Returning from England in 1831 with several ship loads of track and the most advanced Locomotive engine available Robert Stevens unloaded his cargo in Bordentown. The task of both building an experimental track and starting the rail line northward fell to Robert Stevens and his work shops at Bordentown. The task of assembling the Locomotive fell to Isaac Dripps the chief mechanical engineer for the Stevens’ steamboat ferry company. Interesting the British manufacturer had shipped the Locomotive in pieces and had not sent assembly instructions. Undaunted Dripps who had never seen a locomotive not only assembled the engine but modified it with about a half dozen safety features. He also designed on his own initiative what we know as a cow-catcher. They named the engine the “John Bull”. The original restored “John Bull” engine is on public display in the Smithsonian Museum in Washington, D.C.
During construction of the initial miles of track Robert Stevens began having trouble obtaining quarried stone for support of the rails. At the time track was secured by iron spikes driven into stone pillars which supported the track. Local New Jersey quarries which depended on convict labor could not produce the stone pillars fast enough and so Robert replaced the pillars with wooden cross ties, again a change that became standard in the industry. He also designed the fastening hook spike for use with the wooden cross ties.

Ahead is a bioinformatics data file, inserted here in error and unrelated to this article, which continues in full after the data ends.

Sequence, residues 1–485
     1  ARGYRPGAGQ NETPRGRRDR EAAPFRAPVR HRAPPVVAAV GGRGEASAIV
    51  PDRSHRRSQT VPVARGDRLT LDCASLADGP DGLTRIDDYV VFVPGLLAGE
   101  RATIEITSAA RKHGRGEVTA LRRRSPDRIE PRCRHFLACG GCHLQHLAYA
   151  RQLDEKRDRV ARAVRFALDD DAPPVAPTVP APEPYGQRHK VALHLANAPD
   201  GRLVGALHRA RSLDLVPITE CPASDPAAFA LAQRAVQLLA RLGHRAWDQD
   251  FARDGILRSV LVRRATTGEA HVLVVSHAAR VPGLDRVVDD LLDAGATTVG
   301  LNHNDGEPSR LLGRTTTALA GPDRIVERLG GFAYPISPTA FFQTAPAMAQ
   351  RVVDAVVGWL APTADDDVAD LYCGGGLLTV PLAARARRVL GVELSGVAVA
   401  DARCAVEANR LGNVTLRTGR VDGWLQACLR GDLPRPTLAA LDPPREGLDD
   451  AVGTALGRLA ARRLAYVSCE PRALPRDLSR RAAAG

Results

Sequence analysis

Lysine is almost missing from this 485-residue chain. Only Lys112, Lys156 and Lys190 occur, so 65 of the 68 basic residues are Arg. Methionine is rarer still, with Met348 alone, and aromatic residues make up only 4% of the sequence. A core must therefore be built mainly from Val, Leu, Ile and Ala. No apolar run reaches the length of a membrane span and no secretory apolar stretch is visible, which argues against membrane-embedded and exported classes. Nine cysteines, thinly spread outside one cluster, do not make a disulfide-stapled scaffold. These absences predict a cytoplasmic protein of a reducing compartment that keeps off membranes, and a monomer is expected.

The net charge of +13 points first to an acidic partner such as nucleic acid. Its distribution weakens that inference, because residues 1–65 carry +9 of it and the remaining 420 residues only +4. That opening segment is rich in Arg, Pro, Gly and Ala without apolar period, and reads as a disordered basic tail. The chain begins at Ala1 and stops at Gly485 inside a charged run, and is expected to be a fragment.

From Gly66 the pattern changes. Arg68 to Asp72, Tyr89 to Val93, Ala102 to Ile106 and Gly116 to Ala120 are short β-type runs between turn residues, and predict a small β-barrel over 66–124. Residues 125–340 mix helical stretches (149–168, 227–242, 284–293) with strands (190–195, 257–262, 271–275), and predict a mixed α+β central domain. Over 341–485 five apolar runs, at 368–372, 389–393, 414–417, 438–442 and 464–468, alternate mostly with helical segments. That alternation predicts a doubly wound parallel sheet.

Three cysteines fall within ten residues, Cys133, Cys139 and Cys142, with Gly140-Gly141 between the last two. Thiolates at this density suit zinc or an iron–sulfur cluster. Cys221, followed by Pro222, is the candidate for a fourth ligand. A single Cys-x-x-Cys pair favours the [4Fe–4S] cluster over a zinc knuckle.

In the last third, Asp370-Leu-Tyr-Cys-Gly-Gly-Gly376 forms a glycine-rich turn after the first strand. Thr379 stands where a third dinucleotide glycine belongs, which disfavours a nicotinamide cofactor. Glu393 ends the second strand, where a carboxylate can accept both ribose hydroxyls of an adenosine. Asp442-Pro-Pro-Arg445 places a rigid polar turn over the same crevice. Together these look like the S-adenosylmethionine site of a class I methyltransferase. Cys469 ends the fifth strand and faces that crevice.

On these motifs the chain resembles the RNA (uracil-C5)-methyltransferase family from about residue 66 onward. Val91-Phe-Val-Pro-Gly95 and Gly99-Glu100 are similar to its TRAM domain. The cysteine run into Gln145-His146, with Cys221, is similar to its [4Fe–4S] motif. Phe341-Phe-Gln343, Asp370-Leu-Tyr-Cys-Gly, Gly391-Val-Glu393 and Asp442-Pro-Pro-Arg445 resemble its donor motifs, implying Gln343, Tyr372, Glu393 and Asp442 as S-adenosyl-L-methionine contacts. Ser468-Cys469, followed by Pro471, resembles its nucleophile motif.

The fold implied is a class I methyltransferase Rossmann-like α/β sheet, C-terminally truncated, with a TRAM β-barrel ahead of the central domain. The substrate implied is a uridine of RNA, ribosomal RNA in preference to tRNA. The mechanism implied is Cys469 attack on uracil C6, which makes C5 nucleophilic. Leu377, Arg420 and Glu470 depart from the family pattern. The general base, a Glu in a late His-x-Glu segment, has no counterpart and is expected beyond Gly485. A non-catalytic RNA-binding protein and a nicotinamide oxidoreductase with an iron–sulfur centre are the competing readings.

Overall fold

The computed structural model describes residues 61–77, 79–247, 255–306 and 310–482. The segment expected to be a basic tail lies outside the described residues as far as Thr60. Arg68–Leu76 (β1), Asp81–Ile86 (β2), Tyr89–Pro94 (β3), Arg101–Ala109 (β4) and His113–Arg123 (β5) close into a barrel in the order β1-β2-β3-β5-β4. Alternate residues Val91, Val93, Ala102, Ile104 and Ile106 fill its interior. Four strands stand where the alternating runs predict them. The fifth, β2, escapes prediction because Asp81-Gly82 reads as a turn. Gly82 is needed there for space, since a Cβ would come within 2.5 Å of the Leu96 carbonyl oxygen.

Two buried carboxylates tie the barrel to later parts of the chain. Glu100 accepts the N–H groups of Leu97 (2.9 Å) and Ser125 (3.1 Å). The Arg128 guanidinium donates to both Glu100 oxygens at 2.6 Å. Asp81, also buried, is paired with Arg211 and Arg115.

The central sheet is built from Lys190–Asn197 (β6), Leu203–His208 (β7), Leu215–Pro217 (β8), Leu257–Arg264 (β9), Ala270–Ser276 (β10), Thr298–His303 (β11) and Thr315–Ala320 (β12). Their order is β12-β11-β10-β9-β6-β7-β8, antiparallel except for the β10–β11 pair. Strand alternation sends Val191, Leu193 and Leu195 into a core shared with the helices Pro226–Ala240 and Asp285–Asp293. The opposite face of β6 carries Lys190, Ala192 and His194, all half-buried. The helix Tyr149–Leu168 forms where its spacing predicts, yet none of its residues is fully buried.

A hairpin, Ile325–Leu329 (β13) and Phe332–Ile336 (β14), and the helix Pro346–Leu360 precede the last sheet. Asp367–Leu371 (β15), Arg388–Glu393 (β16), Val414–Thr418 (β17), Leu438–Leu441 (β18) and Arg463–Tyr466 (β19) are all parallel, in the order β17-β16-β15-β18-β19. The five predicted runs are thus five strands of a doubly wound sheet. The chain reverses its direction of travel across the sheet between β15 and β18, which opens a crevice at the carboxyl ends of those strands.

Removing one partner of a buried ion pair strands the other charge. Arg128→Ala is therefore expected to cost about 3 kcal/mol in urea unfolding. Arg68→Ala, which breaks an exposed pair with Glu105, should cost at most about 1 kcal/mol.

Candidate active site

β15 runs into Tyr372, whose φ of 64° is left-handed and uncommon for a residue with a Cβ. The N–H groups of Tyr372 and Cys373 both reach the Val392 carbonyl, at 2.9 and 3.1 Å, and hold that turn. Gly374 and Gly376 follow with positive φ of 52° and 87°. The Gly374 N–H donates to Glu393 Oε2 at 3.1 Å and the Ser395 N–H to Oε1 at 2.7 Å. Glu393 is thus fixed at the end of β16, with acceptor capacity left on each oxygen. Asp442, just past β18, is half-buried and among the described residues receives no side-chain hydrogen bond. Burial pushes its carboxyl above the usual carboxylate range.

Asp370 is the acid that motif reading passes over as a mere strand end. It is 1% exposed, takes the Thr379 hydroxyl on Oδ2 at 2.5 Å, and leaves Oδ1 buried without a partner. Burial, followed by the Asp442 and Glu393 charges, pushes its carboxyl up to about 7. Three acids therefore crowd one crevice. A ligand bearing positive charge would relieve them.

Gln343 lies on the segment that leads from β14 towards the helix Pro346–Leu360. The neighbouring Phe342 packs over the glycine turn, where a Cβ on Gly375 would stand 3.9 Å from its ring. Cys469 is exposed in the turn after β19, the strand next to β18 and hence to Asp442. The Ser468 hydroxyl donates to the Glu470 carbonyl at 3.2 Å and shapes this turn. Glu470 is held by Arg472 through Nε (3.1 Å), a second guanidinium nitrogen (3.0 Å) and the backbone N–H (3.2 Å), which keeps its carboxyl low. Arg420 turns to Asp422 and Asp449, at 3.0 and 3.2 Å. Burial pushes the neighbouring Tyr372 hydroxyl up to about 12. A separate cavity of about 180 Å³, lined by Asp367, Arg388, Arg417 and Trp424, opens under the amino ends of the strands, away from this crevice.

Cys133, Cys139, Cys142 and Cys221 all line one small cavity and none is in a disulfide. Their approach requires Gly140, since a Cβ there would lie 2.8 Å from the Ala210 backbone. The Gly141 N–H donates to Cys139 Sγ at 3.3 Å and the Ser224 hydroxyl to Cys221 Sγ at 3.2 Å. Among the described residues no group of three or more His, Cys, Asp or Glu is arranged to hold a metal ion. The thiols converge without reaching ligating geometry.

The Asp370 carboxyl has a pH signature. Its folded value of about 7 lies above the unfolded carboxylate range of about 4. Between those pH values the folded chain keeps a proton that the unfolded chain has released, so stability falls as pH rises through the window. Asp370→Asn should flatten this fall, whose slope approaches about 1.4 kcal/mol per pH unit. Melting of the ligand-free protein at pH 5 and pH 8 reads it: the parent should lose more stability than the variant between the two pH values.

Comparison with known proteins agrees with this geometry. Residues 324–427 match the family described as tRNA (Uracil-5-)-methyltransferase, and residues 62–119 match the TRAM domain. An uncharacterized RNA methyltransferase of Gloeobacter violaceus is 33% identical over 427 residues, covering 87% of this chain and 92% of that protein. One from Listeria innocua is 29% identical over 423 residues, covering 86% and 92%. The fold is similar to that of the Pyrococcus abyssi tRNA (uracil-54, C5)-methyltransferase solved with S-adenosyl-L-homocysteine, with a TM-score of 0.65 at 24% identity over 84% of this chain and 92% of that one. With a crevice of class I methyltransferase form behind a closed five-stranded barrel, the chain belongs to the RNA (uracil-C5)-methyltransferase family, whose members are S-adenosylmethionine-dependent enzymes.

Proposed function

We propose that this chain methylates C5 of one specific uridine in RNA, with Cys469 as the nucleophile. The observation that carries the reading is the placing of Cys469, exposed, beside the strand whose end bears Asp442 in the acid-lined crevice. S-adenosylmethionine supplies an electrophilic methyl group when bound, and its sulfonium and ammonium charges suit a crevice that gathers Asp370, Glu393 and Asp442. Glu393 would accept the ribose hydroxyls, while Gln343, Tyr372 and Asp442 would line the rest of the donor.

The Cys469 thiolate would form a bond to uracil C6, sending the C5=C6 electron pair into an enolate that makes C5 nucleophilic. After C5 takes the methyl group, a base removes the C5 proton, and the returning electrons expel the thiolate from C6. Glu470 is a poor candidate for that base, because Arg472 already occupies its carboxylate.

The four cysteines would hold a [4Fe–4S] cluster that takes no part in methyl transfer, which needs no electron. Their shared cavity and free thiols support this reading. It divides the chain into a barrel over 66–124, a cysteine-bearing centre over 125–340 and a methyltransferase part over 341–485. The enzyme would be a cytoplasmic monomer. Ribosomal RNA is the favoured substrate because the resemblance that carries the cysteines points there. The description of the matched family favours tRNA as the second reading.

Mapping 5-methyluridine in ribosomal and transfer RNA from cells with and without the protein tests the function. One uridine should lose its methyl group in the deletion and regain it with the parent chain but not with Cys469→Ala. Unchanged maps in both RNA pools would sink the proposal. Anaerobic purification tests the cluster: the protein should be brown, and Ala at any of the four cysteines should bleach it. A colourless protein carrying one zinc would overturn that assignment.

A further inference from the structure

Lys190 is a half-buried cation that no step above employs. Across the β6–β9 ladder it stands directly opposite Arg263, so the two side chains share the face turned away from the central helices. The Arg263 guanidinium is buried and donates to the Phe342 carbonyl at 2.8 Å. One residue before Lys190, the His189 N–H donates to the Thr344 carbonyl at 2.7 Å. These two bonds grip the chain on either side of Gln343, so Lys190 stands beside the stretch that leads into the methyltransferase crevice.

In 1832 the first successful tests of the engine and tracks were conducted, with John Stevens aboard he was eighty-three at the time. Shortly thereafter from Bordentown the C&A Railway began operation extending track northward toward Perth Amboy and southward toward Camden . The C&A railroad’s success placed central N.J. squarely in line with the early development of what would be come the Northeast transit corridor. Rail transportation as well as canal and river transportation access was a critical part the early foundation of what allowed for Trenton’s industrial base. That base would in turn open up opportunity to many immigrants seeking jobs and a new life in America.